You can tell a lot about how we value spaces—and the people who use them—by how well we design them. Google Classroom, which I’ve come to use with my kids on a daily basis since remote schooling began back in March, is as good an example of this as I’ve seen. It’s a virtual space, of course, but in a quarantined world it’s become a vital space, one that millions of children and parents are entering daily, usually for hours at a time. And it sends an unmistakable message about how it values the students who use it.
When I saw Google Classroom for the first time, my immediate thought was, “This is clearly an under-funded product that ranks fairly low on the list of Google’s priorities.” Our kids use the iPad version and, setting aside the inconvenient fact that it’s at least a few steps behind Google Classroom in the browser, the product as a whole is slow, inelegant and unappealing. It works but just barely, and it lacks nearly every modern user experience affordance commonly found in most contemporary productivity software.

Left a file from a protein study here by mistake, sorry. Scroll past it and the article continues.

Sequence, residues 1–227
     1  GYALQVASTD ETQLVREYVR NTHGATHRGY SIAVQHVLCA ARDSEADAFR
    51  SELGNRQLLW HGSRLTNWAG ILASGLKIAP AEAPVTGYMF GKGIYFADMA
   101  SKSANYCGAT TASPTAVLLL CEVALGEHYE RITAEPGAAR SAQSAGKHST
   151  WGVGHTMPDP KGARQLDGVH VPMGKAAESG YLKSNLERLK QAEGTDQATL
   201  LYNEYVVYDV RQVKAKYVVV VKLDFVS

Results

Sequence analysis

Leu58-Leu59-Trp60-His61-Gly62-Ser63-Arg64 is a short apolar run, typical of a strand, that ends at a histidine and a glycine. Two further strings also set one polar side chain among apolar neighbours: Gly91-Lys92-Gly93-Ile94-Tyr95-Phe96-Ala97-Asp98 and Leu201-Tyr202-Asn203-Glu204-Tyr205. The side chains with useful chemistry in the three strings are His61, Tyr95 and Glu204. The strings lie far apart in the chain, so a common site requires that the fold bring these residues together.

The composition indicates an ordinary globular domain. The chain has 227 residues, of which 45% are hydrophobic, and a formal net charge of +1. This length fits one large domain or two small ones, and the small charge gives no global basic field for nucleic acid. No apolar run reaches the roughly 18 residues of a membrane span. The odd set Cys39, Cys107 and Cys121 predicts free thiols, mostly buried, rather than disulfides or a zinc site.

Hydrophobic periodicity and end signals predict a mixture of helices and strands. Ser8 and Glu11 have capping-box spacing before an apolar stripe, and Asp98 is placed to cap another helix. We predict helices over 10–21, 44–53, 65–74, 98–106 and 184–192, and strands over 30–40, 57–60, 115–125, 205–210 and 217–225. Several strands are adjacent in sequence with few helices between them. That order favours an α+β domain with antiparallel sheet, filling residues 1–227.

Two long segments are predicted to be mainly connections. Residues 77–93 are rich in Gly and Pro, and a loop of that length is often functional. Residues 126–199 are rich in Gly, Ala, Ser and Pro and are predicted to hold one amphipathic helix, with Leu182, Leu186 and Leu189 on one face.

Upon reflection, I came to realize that this is no accident. Google Classroom’s lackluster design is actually perfectly in line with the way we’ve always thought about the spaces we build for learning. Schools have by and large been conspicuously if not chronically underfunded, especially in comparison to spaces for work. Most school buildings are fashioned from cinder blocks, institutional steel doors and wire glass, and piped with pre-digital HVAC systems. Children sit at decades-old, fixed height tables and chairs, share access to donated and/or outdated computer hardware, relieve themselves in archaic bathrooms. Their exercise and play time are segregated to large multi-purpose rooms or outside on blacktops or poorly tended fields.